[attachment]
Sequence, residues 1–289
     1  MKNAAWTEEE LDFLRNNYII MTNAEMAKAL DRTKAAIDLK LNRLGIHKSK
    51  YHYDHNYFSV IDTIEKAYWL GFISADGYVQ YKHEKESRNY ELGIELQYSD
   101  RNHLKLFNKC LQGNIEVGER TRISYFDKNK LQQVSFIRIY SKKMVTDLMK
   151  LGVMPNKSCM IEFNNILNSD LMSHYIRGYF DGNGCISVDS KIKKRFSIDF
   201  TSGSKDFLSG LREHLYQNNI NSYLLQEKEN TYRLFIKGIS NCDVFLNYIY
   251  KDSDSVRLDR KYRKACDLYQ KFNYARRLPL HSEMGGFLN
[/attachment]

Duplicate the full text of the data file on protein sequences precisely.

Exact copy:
Sequence, residues 1–289
     1  MKNAAWTEEE LDFLRNNYII MTNAEMAKAL DRTKAAIDLK LNRLGIHKSK
    51  YHYDHNYFSV IDTIEKAYWL GFISADGYVQ YKHEKESRNY ELGIELQYSD
   101  RNHLKLFNKC LQGNIEVGER TRISYFDKNK LQQVSFIRIY SKKMVTDLMK
   151  LGVMPNKSCM IEFNNILNSD LMSHYIRGYF DGNGCISVDS KIKKRFSIDF
   201  TSGSKDFLSG LREHLYQNNI NSYLLQEKEN TYRLFIKGIS NCDVFLNYIY
   251  KDSDSVRLDR KYRKACDLYQ KFNYARRLPL HSEMGGFLN